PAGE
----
Another Group of Scientists Calls for Further Inquiry Into Origins of the Coronavirus

A gaggle of 18 scientists acknowledged Thursday in a letter published in the journal Science that there’s not sufficient proof to determine whether or not a pure origin or an unintended laboratory leak brought on the Covid-19 pandemic.

They argued, as the U.S. authorities and different nations have, for a brand new investigation to discover the place the virus got here from.

The organizers of the letter, Jesse Bloom, who research the evolution of viruses at the Fred Hutchinson Cancer Research Center in Seattle, and David Relman, a microbiologist at Stanford University, mentioned they strove to articulate a wait-and-see viewpoint that they consider is shared by many scientists. Many of the signers haven’t spoken out earlier than.

“Most of the discussion you hear about SARS-CoV-2 origins at this point is coming from, I think, the relatively small number of people who feel very certain about their views,” Dr. Bloom mentioned.

He added: “Anybody who’s making statements with a high level of certainty about this is just outstripping what’s possible to do with the available evidence.”

The new letter acknowledged: “Theories of accidental release from a lab and zoonotic spillover both remain viable.”

Proponents of the concept that the virus could have leaked from a lab, particularly the Wuhan Institute of Virology in China the place SARS viruses had been studied, have been lively this yr since a World Health Organization workforce issued a report claiming that such a leak was extraordinarily unlikely, regardless that the mission by no means investigated any Chinese labs. The workforce did go to the Wuhan lab, however didn’t examine it. A lab investigation was by no means half of their mandate. The report, produced in a mission with Chinese scientists, drew intensive criticism from the U.S. authorities and others that the Chinese authorities had not cooperated totally and had restricted the worldwide scientists’ entry to data.

The new letter argued for a brand new and extra rigorous investigation of virus origins that might contain a broader vary of specialists and safeguard towards conflicts of curiosity.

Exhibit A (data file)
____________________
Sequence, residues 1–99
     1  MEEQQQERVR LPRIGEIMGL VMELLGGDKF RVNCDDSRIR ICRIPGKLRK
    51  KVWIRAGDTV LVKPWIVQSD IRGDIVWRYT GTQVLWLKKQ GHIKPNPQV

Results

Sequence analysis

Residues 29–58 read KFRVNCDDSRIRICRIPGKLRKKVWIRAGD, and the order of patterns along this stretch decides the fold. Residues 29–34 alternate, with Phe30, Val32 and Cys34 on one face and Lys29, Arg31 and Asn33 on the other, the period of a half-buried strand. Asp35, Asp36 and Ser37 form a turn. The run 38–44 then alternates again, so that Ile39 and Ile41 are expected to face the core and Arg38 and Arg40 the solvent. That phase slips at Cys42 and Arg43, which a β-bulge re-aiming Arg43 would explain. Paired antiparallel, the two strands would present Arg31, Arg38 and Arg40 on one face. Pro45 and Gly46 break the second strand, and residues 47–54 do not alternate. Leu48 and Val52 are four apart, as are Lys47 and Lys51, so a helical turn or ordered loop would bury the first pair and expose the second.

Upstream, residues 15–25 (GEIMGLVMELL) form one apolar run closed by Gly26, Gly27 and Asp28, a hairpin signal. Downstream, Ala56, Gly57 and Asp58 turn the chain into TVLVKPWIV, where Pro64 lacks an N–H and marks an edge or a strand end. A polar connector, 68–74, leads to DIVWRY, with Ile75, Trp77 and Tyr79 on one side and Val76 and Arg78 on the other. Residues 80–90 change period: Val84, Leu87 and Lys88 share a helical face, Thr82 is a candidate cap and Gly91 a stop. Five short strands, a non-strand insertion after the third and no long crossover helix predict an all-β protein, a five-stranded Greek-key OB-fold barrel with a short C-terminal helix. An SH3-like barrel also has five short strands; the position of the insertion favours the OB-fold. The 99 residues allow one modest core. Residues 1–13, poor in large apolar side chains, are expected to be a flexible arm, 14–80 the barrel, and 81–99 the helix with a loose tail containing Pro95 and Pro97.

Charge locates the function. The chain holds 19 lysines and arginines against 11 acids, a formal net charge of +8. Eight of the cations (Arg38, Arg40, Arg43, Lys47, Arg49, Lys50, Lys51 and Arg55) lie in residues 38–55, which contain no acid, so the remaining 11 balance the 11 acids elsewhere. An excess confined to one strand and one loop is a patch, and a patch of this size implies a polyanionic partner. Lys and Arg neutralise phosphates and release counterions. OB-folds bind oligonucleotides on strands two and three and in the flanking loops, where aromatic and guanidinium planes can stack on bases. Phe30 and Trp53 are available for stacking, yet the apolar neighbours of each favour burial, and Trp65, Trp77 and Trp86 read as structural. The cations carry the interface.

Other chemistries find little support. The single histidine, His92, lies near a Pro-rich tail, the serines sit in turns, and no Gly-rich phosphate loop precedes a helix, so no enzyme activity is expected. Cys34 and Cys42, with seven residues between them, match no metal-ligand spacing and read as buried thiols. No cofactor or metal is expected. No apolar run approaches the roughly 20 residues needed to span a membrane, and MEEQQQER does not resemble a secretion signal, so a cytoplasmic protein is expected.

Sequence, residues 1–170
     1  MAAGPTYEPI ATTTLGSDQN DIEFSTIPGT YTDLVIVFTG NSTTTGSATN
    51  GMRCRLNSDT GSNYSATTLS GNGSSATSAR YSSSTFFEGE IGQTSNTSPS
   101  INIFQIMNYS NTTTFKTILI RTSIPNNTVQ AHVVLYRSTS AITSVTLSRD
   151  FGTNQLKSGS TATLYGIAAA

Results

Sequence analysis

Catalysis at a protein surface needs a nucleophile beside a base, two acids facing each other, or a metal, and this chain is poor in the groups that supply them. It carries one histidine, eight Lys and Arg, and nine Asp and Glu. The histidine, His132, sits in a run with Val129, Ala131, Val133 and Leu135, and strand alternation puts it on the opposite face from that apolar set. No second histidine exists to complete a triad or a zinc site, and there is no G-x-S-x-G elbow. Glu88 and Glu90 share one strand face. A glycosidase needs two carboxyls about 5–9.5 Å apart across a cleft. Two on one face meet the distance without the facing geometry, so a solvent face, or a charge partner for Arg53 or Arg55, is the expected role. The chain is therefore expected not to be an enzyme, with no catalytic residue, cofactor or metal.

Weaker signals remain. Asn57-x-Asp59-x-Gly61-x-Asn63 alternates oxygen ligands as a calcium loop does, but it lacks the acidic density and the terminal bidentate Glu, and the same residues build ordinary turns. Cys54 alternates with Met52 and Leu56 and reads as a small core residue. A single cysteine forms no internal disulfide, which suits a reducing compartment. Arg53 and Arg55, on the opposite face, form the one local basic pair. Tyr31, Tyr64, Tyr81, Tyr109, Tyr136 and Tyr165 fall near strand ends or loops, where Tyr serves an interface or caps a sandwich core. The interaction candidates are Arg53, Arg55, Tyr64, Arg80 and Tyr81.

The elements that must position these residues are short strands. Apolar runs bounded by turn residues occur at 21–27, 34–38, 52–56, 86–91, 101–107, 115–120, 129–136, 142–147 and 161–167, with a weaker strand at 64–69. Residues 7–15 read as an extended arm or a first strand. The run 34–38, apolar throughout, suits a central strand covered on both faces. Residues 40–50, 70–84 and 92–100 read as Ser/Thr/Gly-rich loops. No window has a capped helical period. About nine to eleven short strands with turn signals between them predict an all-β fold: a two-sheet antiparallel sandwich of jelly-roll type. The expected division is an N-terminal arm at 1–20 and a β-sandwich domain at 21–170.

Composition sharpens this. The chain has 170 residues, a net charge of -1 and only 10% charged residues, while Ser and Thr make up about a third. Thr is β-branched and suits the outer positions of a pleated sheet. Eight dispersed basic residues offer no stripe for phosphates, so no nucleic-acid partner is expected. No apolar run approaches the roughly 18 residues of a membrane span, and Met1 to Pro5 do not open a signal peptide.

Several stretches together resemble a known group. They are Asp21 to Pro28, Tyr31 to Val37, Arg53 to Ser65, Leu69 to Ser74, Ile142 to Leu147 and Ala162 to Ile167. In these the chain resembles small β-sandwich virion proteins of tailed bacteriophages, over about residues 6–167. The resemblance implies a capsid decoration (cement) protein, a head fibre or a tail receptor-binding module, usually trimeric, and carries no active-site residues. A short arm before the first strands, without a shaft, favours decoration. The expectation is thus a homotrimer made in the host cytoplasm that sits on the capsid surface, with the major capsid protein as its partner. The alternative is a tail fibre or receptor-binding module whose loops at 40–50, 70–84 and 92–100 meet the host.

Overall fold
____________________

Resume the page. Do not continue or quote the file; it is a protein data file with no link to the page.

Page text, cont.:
Unlike different latest statements, the new letter didn’t come down in favor of one state of affairs or one other. Recent letters by another group of scientists and international affairs experts argued at length for the relative likelihood of a laboratory leak. Previous statements from different scientists and the W.H.O. report each asserted {that a} pure origin was by far the most believable.

Michael Worobey, an evolutionary biologist at the University of Arizona, mentioned he signed the new letter as a result of “the recent W.H.O. report on the origins of the virus, and its discussion, spurred several of us to get in touch with each other and talk about our shared desire for dispassionate investigation of the origins of the virus.”

“I certainly respect the opinion of others who may disagree with what we’ve said in the letter, but I felt I had no choice but to put my concerns out there,” he mentioned.

Another signer, Sarah E. Cobey, an epidemiologist and evolutionary biologist at the University of Chicago, mentioned, “I think it is more likely than not that SARS-CoV-2 emerged from an animal reservoir rather than a lab.”

But “lab accidents do happen and can have disastrous consequences,” she added. “I am concerned about the short- and long-term consequences of failing to evaluate the possibility of laboratory escape in a rigorous way. It would be a troublesome precedent.”

The listing of signers contains researchers with deep data of the SARS household of viruses, resembling Ralph Baric at the University of North Carolina, who had collaborated with the Chinese virologist Shi Zhengli in research done at the university on the original SARS virus. Dr. Baric didn’t reply to makes an attempt to succeed in him by e-mail and phone.

While this group of scientists doesn’t single out any researchers by title, the letter finds fault with those that have additionally been vocal in supporting the idea of a pure origin, citing a scarcity of proof.

Kristian Andersen, a virologist at the Scripps Research Institute in La Jolla, Calif., has been a powerful proponent of the overwhelming chance of a pure origin. He was one of the authors of an often cited paper in March 2020 that dismissed the chance of a laboratory origin based mostly largely on the genome of the SARS-CoV-2 virus that causes Covid-19. “We do not believe any type of laboratory-based scenario is plausible,” that paper acknowledged.

Speaking for himself solely, Dr. Relman mentioned in an interview that “the piece that Kristian Anderson and four others wrote last March in my view simply fails to provide evidence to support their conclusions.”

Dr. Andersen, who reviewed the letter in Science, mentioned that each explanations had been theoretically attainable. But, “the letter suggests a false equivalence between the lab escape and natural origin scenarios,” he mentioned. “To this day, no credible evidence has been presented to support the lab leak hypothesis, which remains grounded in speculation.”

Instead, he mentioned, accessible information “are consistent with a natural emergence of a novel virus from a zoonotic reservoir, as has been observed so many times in the past.” He mentioned he supported additional inquiry into the origin of the virus.

Angela Rasmussen, a virologist at University of Saskatchewan’s Vaccine and Infectious Disease Organization, has criticized the politicization of the laboratory leak idea.

She helps additional investigation, however mentioned that “there is more evidence (both genomic and historical precedent) that this was the result of zoonotic emergence rather than a laboratory accident.”

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